It seems we aren’t the only ones that have to go to the dentist.
Staff at the B.C. Wildlife Park in Kamloops were observing Knute, an eight-year-old grizzly bear, when it became clear something wasn’t right. He seemed to be in pain, favouring one side of his mouth during meal times and lifting his lips away from his tooth.
Turns out, he cracked his nine-centimetre long tooth while snacking on something a little too large.
“Honestly, it could have been anything. He’s a playful bear,” animal care supervisor Adrian Clay told CBC. “Anything he can get his mouth around, he will put his mouth around. He’s kinda like a three-year-old.”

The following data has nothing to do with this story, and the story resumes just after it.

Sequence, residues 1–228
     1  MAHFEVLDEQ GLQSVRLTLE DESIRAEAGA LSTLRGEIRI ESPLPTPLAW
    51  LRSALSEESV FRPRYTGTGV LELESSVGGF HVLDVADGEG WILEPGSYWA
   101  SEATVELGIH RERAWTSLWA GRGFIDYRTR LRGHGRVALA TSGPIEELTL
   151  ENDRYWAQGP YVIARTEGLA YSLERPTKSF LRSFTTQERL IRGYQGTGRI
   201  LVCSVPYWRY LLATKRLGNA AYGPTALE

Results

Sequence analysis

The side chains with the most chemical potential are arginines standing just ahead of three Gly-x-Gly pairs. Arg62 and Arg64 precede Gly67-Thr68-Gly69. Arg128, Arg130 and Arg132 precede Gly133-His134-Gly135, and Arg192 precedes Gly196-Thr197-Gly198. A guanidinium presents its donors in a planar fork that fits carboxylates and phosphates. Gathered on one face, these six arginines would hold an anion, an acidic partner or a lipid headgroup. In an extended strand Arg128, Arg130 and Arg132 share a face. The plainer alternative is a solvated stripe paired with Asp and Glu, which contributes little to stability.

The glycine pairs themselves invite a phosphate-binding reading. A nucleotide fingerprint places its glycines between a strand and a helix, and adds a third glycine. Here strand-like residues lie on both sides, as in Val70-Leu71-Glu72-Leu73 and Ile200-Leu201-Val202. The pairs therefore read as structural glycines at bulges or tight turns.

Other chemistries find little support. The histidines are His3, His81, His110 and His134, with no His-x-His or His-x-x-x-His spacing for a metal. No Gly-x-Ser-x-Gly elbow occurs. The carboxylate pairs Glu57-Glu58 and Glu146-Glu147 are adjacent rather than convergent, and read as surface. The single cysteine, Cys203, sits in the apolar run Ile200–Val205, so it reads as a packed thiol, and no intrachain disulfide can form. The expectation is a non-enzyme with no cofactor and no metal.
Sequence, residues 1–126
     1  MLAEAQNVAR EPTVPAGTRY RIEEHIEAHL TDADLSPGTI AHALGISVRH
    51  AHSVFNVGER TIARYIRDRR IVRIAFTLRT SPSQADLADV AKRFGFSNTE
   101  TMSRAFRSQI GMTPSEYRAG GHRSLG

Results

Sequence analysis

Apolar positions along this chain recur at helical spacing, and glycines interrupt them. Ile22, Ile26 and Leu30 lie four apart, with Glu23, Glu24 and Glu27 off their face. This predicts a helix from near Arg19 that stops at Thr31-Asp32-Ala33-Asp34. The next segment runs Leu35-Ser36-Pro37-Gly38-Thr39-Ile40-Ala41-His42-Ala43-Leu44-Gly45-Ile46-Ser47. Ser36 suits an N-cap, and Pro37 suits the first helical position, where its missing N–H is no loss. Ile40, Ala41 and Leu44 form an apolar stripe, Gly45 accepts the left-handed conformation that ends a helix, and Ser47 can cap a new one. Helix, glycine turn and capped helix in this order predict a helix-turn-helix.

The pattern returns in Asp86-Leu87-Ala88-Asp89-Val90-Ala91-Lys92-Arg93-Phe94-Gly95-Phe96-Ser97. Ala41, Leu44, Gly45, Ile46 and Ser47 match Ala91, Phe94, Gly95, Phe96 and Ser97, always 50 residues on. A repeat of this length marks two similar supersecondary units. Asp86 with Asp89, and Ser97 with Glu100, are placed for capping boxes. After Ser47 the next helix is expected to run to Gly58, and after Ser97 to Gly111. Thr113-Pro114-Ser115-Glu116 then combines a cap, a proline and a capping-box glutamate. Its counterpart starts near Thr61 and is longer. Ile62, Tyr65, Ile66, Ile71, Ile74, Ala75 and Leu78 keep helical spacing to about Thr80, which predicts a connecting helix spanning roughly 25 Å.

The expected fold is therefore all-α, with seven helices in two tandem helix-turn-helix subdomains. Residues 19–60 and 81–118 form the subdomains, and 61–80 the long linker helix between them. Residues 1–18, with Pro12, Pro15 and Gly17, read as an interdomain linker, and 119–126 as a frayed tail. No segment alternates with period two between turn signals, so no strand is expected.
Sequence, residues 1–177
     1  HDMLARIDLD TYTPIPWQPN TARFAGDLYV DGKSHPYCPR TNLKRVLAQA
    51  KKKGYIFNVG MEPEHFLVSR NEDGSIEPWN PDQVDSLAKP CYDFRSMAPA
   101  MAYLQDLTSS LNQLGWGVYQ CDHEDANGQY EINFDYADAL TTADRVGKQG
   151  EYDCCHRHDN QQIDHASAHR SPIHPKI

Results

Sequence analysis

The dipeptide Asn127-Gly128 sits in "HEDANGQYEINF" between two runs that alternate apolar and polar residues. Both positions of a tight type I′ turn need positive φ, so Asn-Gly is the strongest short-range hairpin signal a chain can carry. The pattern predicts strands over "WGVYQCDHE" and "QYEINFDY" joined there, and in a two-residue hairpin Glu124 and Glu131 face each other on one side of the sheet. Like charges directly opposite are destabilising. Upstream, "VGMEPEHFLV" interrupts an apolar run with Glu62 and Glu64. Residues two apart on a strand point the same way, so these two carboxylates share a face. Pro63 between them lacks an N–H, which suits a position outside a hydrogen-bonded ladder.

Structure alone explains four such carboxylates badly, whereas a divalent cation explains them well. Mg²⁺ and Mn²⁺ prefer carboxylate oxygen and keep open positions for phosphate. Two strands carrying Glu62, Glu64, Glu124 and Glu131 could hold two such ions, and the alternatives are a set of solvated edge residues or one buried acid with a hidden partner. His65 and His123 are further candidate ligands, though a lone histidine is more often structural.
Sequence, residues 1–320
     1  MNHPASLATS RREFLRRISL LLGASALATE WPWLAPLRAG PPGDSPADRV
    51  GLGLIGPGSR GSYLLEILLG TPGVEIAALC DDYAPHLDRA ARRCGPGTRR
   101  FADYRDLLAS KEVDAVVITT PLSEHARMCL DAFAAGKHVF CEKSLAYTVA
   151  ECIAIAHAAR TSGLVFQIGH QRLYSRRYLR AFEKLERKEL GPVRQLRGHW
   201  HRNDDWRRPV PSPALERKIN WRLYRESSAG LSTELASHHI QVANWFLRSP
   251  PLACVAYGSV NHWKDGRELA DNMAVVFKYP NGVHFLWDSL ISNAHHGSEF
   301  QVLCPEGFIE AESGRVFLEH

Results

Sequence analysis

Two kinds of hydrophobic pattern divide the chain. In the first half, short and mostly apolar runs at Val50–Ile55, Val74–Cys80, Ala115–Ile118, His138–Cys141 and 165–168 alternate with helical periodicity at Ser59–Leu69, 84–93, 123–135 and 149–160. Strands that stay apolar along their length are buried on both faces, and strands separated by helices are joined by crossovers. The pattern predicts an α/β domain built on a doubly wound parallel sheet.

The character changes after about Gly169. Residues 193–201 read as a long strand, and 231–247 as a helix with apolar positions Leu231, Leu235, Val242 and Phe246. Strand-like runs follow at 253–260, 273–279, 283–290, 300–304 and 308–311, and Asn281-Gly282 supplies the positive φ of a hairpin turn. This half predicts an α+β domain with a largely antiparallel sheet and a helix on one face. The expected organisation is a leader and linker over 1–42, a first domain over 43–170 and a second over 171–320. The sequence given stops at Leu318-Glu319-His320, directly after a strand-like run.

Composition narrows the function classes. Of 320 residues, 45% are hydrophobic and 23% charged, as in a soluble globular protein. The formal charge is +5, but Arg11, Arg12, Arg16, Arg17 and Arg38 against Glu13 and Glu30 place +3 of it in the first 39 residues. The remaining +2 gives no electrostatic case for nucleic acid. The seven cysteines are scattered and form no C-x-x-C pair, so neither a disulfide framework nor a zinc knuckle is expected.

With a team of veterinarians and dental experts at the ready, Knute went under general anaesthesia to have his damaged tooth repaired. The team borrowed a rock climbing crash pad from a local gym, which they placed on a large table from the hospital. Knute was laid face-down while the team worked on his root canal.
Without the removal of the infected tooth, Knute may not have survived. According to the medical team, the pain and discomfort would have made eating nearly impossible, hindering his ability to pack on the necessary pounds for hibernation.
With the infected tooth now repaired, the grizzly can keep pushing the boundaries. Snack on, Knute.